Employers or health plans may provide financial incentives to consumers in an effort to “steer” them to high quality or low cost providers, based on these tiers, through reduced deductibles or copayments.
Tiering has been applied extensively to prescription drug benefits. While not as extensive, tiering of physician and hospital services is growing. The Maine Health Management Coalition (MHMC), an alliance of employers, hospitals, health plans, and physicians, and an Aligning Forces for Quality (AF4Q) grantee, provides a useful example of how provider tiering and steering programs can be executed in the real world.
A pillar of AF4Q in the State of Maine is the development and public reporting of physician quality measures. The MHMC has worked with its employer, physician, and health plan members to develop widely supported public reporting of physician practice quality based on National Committee for Quality Assurance (NCQA) and Bridges to Excellence (BTE) metrics.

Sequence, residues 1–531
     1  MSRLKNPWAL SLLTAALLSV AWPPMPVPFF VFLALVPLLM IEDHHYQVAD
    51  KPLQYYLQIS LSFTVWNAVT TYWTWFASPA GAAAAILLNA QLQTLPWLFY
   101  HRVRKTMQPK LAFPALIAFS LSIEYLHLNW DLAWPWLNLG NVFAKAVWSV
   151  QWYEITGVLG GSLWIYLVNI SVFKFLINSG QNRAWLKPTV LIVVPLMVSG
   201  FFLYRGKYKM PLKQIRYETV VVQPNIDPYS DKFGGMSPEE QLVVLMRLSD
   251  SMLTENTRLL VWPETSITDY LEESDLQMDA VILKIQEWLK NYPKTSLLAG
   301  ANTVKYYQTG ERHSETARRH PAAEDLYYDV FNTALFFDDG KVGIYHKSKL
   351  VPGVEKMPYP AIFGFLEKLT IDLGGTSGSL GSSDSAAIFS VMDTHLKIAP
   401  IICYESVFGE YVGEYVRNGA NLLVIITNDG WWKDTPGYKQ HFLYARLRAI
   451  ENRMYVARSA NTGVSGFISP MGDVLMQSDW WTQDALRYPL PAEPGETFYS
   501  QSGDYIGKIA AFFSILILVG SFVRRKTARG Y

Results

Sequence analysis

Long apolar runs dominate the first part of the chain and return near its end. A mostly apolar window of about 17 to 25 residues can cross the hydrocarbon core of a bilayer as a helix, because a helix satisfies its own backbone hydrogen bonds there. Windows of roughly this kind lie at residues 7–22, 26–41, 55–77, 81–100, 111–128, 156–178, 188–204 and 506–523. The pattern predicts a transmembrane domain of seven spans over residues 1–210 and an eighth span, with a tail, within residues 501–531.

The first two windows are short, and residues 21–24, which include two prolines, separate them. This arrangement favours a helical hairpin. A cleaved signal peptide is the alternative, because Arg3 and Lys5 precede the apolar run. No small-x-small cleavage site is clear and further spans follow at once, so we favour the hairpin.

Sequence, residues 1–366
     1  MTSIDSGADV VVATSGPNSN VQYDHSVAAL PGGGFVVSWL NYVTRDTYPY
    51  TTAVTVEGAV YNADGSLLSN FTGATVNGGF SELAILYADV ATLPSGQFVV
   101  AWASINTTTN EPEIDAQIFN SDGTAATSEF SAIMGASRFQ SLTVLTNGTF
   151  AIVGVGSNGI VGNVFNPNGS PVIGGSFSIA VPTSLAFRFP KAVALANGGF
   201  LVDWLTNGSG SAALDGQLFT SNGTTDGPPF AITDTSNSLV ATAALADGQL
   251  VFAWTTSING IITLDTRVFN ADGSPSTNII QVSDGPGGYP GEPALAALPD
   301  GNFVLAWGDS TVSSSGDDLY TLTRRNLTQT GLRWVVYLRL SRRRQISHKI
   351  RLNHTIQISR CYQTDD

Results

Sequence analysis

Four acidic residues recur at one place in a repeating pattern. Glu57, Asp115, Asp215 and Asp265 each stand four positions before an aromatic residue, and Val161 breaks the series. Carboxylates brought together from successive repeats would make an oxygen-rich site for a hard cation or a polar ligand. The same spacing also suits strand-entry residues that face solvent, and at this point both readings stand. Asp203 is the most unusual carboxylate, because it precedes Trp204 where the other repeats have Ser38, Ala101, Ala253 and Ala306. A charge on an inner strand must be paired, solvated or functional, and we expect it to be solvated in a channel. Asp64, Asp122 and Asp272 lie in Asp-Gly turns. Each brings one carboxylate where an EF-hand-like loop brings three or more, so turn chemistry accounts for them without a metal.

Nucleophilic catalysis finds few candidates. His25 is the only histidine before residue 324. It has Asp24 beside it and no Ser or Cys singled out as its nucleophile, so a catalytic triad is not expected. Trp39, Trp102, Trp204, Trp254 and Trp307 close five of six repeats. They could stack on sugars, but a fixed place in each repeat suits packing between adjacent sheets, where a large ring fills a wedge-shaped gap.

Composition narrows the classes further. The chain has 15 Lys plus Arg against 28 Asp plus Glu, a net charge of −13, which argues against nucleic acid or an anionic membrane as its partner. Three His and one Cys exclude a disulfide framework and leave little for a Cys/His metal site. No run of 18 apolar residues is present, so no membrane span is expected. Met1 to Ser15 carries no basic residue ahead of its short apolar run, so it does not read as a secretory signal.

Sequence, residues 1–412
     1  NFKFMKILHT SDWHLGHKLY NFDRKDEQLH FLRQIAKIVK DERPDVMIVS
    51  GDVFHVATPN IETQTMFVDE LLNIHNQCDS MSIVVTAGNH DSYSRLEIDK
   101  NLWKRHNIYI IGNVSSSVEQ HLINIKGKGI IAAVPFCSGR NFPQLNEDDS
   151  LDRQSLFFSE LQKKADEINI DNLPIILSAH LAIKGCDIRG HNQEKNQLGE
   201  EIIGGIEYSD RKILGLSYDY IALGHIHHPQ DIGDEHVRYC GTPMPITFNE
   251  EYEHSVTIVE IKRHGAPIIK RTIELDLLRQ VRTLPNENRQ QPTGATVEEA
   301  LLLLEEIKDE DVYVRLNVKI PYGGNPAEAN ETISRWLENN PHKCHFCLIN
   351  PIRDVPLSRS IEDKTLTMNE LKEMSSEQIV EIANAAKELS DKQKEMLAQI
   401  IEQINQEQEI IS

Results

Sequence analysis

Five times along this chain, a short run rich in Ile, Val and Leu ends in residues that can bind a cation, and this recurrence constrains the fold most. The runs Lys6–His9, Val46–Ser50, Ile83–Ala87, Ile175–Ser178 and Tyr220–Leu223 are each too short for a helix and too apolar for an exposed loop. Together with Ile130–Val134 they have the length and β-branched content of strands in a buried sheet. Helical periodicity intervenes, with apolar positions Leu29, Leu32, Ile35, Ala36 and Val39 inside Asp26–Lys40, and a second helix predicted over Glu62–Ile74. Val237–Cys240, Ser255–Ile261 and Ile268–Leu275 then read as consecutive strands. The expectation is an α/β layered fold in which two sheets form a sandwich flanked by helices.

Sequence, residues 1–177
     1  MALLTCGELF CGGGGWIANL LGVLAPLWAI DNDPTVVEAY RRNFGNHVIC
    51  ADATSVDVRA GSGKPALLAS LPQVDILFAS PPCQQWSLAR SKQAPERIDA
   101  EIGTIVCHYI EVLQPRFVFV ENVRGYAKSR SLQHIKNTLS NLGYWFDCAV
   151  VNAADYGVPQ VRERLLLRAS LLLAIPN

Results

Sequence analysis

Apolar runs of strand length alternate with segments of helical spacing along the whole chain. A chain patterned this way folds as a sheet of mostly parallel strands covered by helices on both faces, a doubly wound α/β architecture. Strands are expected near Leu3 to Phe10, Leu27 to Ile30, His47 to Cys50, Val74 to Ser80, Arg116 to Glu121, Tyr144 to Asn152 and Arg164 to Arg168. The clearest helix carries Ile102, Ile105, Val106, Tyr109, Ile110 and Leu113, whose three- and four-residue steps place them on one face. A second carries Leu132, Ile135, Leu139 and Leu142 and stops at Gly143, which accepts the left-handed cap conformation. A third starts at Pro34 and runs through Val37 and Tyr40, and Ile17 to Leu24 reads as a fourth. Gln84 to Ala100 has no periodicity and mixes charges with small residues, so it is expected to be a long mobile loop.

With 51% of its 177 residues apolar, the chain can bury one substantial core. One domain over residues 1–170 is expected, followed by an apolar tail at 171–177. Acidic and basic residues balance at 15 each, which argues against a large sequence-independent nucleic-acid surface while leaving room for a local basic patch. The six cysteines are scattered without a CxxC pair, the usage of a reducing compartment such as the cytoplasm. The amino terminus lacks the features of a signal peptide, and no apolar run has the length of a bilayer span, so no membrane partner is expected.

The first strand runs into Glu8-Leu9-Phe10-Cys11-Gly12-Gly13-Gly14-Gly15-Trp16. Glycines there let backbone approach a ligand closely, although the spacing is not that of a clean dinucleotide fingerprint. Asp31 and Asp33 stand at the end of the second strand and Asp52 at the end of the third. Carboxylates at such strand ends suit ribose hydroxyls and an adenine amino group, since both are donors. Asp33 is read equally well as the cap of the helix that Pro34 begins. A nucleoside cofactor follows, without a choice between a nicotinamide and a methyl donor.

The State Employee Health Commission, which manages the health benefit plan for state employees, used the MHMC quality measurement initiative to tier providers and hospitals; the Commission also has worked with its health plan to provide incentives to consumers to seek care from high quality physician practices and hospitals. In this Research Summary, we describe the key features of the program in Maine and discuss the lessons learned through this initiative.
It has been well established that care for chronic disease in the United States is not optimal, and a variety of interventions have been proposed across the ideological spectrum to improve that care. There has been a growing interest in quality improvement interventions targeted at patients and consumers—a “consumer focused” strategy. One particular intervention which is garnering considerable attention is the concept of “tiering and steering.”
Tiering has been defined as: “the classification of health care providers (e.g., hospitals or physicians) or treatments (e.g., pharmaceuticals, durable medical equipment, physical therapy) into different groups or ‘tiers’ based on objective or subjective criteria such as measures of cost, quality, safety or value.